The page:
“I’m really not one to jump ship on anything,” the sophomore signal-caller told the Blade. “But I’m really big on setting goals and achieving them. I did that throughout high school. One of the main goals was to win a national championship. At Ole Miss, I didn’t have an opportunity to do that. Things didn’t shake out the way I planned — coach got fired, the two-year bowl ban.
“I couldn’t look back on it after college and say I never got an opportunity to play for something like that.”
As part of the latest bowl ban, any Ole Miss player entering his final season of eligibility is free to transfer to another program without being forced to sit out a year. While players like Patterson saw Ole Miss roll back the restrictions placed by the university on a transfer destination, it has been thought that those Rebel players with more than a year of eligibility remaining would still have to sit out the NCAA-mandated transfer year.
Patterson is confident, though, that, because of his former school’s issues, he will receive a waiver from The Association that would allow him to play immediately in 2018 at his new school.
“From what I’m hearing, I’m pretty sure that I will win that and be able to play next year,” Patterson said according to the newspaper.
A consensus five-star 2016 recruit, Patterson was rated by 247Sports.com as the No. 1 pro-style quarterback in the country and the No. 4 player overall on its composite board. After starting the last three games of his true freshman season, Patterson started the first seven games of 2017 before going down with a season-ending knee injury.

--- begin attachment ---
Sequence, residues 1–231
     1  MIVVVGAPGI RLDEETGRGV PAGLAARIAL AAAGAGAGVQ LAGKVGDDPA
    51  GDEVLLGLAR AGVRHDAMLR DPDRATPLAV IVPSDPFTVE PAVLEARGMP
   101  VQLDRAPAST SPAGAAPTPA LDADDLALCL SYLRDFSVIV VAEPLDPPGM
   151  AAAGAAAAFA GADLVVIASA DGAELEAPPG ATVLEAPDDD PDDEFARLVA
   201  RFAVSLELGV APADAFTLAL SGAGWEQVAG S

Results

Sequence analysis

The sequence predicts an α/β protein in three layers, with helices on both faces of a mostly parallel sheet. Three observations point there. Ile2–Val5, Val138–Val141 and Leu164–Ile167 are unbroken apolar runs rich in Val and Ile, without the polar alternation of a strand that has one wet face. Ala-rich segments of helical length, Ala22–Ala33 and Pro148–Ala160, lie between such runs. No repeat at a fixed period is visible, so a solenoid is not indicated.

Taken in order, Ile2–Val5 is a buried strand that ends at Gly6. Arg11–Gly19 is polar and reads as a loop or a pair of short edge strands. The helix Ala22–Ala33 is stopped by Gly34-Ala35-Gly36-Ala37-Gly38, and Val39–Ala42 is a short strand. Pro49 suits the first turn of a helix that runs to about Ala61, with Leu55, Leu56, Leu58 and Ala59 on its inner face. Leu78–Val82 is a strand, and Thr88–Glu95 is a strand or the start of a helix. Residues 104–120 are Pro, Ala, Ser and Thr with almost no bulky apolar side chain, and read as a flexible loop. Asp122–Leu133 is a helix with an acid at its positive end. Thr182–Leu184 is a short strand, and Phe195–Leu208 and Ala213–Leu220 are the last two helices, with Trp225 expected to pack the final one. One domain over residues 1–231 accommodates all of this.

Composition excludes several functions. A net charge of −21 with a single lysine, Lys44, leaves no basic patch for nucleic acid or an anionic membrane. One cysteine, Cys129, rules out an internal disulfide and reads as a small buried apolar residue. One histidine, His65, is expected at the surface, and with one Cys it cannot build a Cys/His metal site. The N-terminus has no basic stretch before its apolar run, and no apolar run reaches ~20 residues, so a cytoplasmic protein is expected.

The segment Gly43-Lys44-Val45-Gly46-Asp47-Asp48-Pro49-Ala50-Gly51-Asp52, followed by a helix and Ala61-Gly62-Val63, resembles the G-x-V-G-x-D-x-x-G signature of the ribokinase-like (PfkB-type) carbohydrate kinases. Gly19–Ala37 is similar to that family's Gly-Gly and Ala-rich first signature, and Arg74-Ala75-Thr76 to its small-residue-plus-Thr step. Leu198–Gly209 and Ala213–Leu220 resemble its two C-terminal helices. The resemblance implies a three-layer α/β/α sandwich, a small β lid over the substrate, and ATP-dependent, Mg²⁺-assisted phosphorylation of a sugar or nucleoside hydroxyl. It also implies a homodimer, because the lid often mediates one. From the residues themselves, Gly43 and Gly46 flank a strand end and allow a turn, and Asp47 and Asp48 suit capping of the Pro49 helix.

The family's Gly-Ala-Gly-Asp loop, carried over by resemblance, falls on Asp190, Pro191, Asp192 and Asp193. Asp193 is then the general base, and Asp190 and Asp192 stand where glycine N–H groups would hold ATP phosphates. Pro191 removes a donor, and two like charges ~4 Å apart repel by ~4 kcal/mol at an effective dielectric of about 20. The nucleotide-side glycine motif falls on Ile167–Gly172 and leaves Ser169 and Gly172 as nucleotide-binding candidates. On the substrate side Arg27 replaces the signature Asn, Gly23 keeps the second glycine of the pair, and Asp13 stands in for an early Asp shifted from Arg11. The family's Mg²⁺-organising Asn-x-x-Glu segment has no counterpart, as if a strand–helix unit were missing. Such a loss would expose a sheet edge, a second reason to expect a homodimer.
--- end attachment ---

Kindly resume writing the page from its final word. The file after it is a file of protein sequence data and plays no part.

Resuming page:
If Patterson does get the waiver, he’d compete with redshirt freshman Brandon Peters, a four-star 2016 signee who took over the starting job in late October, and true freshman Dylan McCaffrey, a four-star 2017 signee who took a redshirt this season, for the starting job.
Josh Allen won’t be Fournetting or McCaffreying his team’s bowl game this season, but it’s still undetermined whether or not he’ll be able to play in it.
Allen has been dealing with an injury to his right (throwing) shoulder that kept him out of Wyoming’s last two games of the regular season. While he’s been practicing with his teammates in preparation for the Dec. 22 Famous Idaho Potato Bowl matchup with Central Michigan, his status for the postseason game is up in the air.
It appears though, that, one way or another, a decision on the quarterback’s availability will be made over the next several days.
“I’m still getting better day by day,” Allen said according to the Laramie Boomerang. “It is still not where I think it needs to be or want it to be, but things are progressively getting better. Throwing is becoming a lot easier, more effortless. I am on the right track, but we will be needing to know an answer (if I’m playing) in the coming days.
“I will be in the training room 24/7, trying to get back on the field, trust me.”
It’s believed that the junior is playing his final season with the Cowboys as he’s projected to be one of the first three or four quarterbacks taken in the 2018 NFL draft if he leaves early. In fact, he was introduced with Wyoming’s seniors on Senior Day late in the regular season, a clear sign that he’s all but out the door.
Players such as Allen have until mid-January to officially declare for the April draft.
Last season, Allen completed exactly 56 percent of his passes for 3,203 yards, 28 touchdowns and 15 interceptions. Through 10 games this season, and with less of a supporting cast around him, the 6-5, 240-pound redshirt junior has hit on 56.2 percent of his attempts for 13 touchdowns and six interceptions. His yards per attempt have gone down from 8.59 in 2016 to 6.61 in 2017, although he’s thrown a pick in every 42 attempts this season compared to one every 25 last season.